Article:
Gov. Sean Parnell signed a flurry of bills Wednesday, but for many in the mental health community few pieces of legislation could be more important than House Bill 210.
"We're talking about actual seclusion and restraint, where tactics are used to really de-escalate a situation that has gotten way out of control,” said Rep. Charisse Millett (R-Anchorage).
Millett sponsored the bipartisan legislation, which institutes new training guidelines for teachers and administrators who work with special-needs students in Alaska public schools.
Physical intervention would only be deemed necessary if the student's behavior poses an imminent danger of physical injury to the student or another person.
Educators would be required to learn less restrictive manners of dealing with students. All physical incidents must be clearly documented and the information forwarded to the Department of Education and Early Development.
The bill also bans teachers or staff from using restraints or chemicals to subdue a student. It also bars them from restraining a student in any manner that restricts the students’ breathing.
"It's something that students need, and teachers need and professionals need,” said Jeanne Gearhardt-Cyrus, who testified in support of the bill.
She says her daughter, who suffers from anxiety, went through years of physical abuse at the hands of educators who weren't properly trained.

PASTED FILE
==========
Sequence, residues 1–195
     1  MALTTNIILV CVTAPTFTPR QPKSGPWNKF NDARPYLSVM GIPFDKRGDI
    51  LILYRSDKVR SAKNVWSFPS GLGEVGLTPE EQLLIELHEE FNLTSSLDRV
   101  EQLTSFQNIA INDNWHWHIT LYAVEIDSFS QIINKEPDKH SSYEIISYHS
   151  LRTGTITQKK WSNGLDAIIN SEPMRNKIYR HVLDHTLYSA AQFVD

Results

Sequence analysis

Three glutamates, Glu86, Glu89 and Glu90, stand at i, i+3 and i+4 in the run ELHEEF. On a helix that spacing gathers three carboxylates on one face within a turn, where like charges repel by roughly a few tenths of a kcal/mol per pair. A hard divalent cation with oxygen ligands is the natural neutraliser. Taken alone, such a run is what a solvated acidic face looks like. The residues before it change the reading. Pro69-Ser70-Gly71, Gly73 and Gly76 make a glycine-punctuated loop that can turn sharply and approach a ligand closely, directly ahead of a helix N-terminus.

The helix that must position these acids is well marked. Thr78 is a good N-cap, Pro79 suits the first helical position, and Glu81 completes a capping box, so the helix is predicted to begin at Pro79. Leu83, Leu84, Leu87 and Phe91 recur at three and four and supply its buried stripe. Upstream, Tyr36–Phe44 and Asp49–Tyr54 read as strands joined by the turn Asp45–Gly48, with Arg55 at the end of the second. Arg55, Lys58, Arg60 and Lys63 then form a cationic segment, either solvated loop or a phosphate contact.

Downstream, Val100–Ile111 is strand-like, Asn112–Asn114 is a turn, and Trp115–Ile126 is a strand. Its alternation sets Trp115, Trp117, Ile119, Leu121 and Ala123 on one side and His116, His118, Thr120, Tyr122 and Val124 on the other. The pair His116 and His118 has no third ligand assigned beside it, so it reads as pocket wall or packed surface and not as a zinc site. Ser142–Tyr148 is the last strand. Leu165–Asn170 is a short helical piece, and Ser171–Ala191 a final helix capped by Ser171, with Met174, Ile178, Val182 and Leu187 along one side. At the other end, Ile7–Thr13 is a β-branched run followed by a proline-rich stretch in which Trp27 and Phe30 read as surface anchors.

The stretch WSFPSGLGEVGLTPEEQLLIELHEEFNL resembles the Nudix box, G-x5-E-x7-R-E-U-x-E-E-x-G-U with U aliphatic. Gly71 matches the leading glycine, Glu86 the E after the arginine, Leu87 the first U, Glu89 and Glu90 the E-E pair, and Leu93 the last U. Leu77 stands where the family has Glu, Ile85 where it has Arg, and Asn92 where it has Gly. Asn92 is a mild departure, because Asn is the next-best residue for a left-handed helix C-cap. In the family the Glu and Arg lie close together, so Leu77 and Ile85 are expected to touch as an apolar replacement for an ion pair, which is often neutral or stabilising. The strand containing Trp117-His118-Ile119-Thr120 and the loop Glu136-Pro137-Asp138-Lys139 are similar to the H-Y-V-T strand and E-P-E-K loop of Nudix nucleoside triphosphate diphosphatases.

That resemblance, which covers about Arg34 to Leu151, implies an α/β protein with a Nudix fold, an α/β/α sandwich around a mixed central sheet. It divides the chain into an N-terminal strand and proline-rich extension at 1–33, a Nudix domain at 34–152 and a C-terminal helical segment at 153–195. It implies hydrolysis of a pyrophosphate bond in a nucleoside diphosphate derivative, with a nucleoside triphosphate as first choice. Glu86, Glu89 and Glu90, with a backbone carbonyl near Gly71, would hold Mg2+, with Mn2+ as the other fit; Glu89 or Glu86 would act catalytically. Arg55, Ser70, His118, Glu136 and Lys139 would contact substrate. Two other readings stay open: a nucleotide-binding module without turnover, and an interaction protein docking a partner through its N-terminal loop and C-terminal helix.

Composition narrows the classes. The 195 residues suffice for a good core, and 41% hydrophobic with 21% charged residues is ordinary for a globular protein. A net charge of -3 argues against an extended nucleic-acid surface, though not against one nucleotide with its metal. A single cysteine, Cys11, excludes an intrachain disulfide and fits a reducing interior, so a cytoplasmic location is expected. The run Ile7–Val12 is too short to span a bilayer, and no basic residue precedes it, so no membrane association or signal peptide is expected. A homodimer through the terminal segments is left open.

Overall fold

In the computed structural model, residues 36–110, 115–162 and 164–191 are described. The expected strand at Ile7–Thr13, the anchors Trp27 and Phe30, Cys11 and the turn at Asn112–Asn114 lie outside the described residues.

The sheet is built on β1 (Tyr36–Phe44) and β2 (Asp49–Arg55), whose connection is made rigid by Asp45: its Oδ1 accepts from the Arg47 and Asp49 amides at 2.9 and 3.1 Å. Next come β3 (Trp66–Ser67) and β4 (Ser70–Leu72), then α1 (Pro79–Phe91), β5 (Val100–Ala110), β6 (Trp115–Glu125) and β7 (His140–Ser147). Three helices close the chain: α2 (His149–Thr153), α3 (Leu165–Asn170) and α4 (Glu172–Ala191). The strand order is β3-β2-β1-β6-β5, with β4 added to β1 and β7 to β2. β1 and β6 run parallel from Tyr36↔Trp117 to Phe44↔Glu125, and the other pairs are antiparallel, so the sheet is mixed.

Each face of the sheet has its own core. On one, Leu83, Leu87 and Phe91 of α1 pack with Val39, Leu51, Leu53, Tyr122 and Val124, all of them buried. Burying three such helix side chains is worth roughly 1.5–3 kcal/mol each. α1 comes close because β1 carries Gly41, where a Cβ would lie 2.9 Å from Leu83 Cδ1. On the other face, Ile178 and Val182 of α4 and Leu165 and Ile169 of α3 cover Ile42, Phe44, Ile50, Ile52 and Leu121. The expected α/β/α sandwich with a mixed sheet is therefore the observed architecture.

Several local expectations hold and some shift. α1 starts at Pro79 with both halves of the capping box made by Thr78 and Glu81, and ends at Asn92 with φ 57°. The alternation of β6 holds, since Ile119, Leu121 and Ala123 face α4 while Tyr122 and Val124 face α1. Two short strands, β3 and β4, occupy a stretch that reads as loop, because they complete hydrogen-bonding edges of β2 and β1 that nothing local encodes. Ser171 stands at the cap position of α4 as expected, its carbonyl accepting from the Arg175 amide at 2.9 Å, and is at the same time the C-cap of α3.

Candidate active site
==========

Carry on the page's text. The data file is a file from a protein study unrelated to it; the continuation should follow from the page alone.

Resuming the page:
"Dragging her down the hall, restraining her, putting her in seclusion," Gearhardt-Cyrus said.
The Anchorage School District released a statement on the bill's signing Wednesday:
“We don't believe that the signing of HB210 will have a significant impact on ASD in regard to the policies and procedures for the use of restraint and seclusion, since the language in this bill appears very much aligned to our policies and practice,” ASD officials wrote. “Staff that serve our more intensive students already receive evidence-based training when it comes to crisis intervention. There are some questions regarding specific details of the bill but, now that it is law, we will work closely with the state to ensure the district is in compliance.”
For her part, Millett says politicians should have a say in setting school policies.
"Every student has the right to feel safe at school, and it is our job as legislators, policy makers and the governor and Department of Education, to make sure we have fulfilled those obligations to make those schools safe,” Millett said.
Millett's bill takes effect in the middle of October. She says for now, one principal and one teacher will be trained, with more following if the district can afford it.